Hexagonal floor tiles, Tokyo-style mixing glasses, industrial lamps, Edison bulbs, bottle lockers, a "secret" location, no signage - you know the drill. There's CW Stoneking on the stereo, ties on the staff, and a smart variation on the classic Sazerac in the glass in front of you. This is the most ambitious cocktail bar to have opened in the territory in many a moon. Hobart Pl, Canberra.
The Rum Bar
With a couple of hundred cane-based distillations on offer, TRB certainly does what it says on the packet. 6/2 Trevillian Quay, Kingston, (02) 6162 1256.
The Cupping Room
Hands-down the coolest café in the capital, The Cupping Room is that rarity - a coffee-nerd haven where the eats very nearly hold their own with the java. Love that gallo pinto - a fried egg and chorizo on rice shot through with barberries and smoked paprika. 1/1-13 University Ave, Canberra, (02) 6257 6412.
Two Before Ten
Along with Harvest, around the corner, and The Cupping Room, this roastery forms a Bermuda Triangle of superior caffeination. 40 Marcus Clarke St, Canberra, (02) 6162 1260.
Lonsdale Street Roasters
The funkiest roasters in town, LSR is as much about the scene and the setting as the coffee. Gotta love the ever-changing poster art exhibition. There are two branches on Lonsdale Street (opt for the original, down the Cooyong Street end), plus a new offshoot at the Kingston Foreshore, Remedy. 7 Lonsdale St, Braddon, (02) 6156 0975.
Australian War Memorial
Consistently surprising, deeply moving and curated with great sensitivity, the AWM is an essential stop on any Canberra visit. Our war myths are not about triumphalism but about sacrifice and mateship, and those qualities are celebrated here in a way that transcends the jingoism taking over the larger conversation about Australia's martial history. The exhibition on Afghanistan, featuring works by painter-of-the-moment Ben Quilty, ought to be at the top of your to-do list. Treloar Cres, Campbell, (02) 6243 4211.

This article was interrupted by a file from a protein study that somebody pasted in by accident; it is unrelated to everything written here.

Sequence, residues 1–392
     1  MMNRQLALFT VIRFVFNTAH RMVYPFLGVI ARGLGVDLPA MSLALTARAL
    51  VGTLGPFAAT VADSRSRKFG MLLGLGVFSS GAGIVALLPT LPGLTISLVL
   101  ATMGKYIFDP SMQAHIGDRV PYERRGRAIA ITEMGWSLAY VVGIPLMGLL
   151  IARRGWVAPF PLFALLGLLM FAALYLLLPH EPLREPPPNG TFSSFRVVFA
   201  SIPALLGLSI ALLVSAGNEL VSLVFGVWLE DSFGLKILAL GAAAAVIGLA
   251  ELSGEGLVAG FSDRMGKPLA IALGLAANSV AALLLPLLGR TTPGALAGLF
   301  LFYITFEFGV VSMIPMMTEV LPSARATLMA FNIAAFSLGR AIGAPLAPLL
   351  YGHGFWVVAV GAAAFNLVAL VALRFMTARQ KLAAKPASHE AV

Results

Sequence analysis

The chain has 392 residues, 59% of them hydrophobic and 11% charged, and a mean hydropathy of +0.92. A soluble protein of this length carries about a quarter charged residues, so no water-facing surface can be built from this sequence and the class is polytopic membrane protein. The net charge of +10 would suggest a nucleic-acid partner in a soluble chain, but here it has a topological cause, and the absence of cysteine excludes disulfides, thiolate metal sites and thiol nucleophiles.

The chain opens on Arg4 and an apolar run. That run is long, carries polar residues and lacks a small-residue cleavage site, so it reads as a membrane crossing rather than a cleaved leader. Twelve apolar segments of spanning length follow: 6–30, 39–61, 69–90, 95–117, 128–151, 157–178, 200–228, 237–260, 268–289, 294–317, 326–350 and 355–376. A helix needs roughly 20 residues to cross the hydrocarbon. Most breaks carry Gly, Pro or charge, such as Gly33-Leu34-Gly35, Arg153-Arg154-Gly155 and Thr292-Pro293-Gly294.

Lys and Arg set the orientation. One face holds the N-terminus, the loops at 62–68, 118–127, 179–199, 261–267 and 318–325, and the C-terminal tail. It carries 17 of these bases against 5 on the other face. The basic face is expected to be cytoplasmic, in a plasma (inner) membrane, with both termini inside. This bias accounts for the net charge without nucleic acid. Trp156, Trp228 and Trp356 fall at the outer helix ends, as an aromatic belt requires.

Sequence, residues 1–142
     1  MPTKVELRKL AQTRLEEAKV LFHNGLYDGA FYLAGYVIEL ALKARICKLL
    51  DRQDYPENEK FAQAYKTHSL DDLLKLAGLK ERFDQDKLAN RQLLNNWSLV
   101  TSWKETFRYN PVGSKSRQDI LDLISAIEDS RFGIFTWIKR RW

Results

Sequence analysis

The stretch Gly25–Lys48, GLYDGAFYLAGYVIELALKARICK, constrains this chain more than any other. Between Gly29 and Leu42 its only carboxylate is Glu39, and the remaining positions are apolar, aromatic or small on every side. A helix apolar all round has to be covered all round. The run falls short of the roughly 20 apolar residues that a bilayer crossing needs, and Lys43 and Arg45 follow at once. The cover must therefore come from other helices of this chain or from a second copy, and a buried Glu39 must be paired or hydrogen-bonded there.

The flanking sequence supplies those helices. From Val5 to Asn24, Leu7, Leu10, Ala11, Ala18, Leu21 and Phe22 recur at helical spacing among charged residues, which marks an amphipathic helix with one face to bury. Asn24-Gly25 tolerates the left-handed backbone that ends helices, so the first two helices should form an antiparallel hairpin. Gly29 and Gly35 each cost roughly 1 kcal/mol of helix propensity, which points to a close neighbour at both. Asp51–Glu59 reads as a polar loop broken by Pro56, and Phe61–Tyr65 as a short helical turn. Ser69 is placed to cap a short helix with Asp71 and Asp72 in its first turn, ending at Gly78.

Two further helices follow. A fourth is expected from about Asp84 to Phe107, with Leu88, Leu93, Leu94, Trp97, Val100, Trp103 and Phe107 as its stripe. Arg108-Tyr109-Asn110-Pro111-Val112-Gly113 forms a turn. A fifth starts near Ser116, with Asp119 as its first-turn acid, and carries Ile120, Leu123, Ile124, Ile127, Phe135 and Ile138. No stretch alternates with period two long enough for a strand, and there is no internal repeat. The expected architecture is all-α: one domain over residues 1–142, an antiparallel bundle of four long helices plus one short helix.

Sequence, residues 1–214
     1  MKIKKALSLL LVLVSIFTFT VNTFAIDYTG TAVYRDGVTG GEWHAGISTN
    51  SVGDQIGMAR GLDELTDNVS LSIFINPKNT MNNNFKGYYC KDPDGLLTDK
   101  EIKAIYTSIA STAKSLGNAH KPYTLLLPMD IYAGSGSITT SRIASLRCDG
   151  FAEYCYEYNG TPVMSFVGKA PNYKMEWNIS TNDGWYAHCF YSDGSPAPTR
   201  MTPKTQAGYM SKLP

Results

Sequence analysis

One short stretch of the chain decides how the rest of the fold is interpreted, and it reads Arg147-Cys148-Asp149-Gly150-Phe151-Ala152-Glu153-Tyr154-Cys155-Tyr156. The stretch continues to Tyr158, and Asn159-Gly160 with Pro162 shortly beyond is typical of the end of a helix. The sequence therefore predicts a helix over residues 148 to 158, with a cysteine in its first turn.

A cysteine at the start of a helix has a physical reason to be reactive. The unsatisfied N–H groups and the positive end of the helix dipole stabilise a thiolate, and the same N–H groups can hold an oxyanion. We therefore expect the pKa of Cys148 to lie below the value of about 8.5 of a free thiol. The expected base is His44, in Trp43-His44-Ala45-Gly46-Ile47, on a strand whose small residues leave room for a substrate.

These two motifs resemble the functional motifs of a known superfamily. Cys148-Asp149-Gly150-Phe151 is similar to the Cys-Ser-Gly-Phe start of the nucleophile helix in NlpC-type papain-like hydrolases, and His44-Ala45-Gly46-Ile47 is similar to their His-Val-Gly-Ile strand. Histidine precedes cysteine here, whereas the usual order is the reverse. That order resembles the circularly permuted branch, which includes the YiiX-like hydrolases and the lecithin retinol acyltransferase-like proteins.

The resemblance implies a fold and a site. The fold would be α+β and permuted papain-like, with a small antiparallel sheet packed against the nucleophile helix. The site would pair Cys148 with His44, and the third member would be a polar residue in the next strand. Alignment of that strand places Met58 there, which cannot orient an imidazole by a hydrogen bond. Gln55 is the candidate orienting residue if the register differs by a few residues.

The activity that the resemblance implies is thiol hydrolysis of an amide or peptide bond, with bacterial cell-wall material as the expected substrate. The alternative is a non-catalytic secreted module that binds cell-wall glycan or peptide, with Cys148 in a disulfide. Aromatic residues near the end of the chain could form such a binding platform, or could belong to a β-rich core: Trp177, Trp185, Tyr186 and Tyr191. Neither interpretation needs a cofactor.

Did you know Canberra is the capital of glass art in Australia? This cultural centre in the former Kingston Powerhouse building is a working studio for glass artists, a home to workshops for aspiring glassworkers, and an exhibition space. It's also now the permanent home to Brodburger, the cult burger joint that was until recently Canberra's favourite food truck (okay, food caravan). 11 Wentworth Ave, Kingston, (02) 6260 7005.
Lonsdale Street Traders
A remarkable collection of micro-tenancies under one warehouse roof, taking care of all your shopping, fashion, collectible, floral, longboarding, spray-painting, asymmetrical hairstyling and vegan baking needs. 27 Lonsdale St, Braddon.
Drill Hall Gallery
Part of the ANU, Drill Hall has kept up a cracking pace of innovative programs of contemporary art since 1992. Kingsley St, Acton, (02) 6125 5832.
This newer visual arts centre combines studio and work spaces with three galleries. 21 Blaxland Cres, Griffith, (02) 6295 9438.
Set on land cleared by the bushfires of 2003, the arboretum is a repository of 94 mini-forests of rare, endangered and symbolically important trees from around the nation and the globe. Refresh yourself after a wander with a bite in the Sprout café or romp through the acorns of the fantastic Pod Playground. Forest Dr, Weston Creek, 13 22 81.
National Film and Sound Archive
More suited to a quick hit than an entire afternoon, the archive is as notable for the splendour of its Hawkesbury sandstone structure and Deco detailing as it is for its small but intriguing public galleries. Its Arc cinema screens everything from The Fringe Dwellers and Picnic at Hanging Rock to Pink Flamingos and the original 1978 Superman. McCoy Cct, Acton, (02) 6248 2000.
National Portrait Gallery
Daryl Braithwaite (and the rest of Sherbet) shot nude by Lewis Morley in 1972. John Brack's two-part painting of Kym Bonython (1963) and his speedway cap (1966). Nick Cave in spray paint by Howard Arkley, and Geoffrey Gurrumul Yunupingu in oils by Guy Maestri. Clifton Pugh's 1975 picture of Sir John Kerr beside Ralph Heimans' 1998 portrait of Justice Michael Kirby. All Australians, all depicted with flair, all together under one roof. King Edward Tce, Parkes, (02) 6102 7000.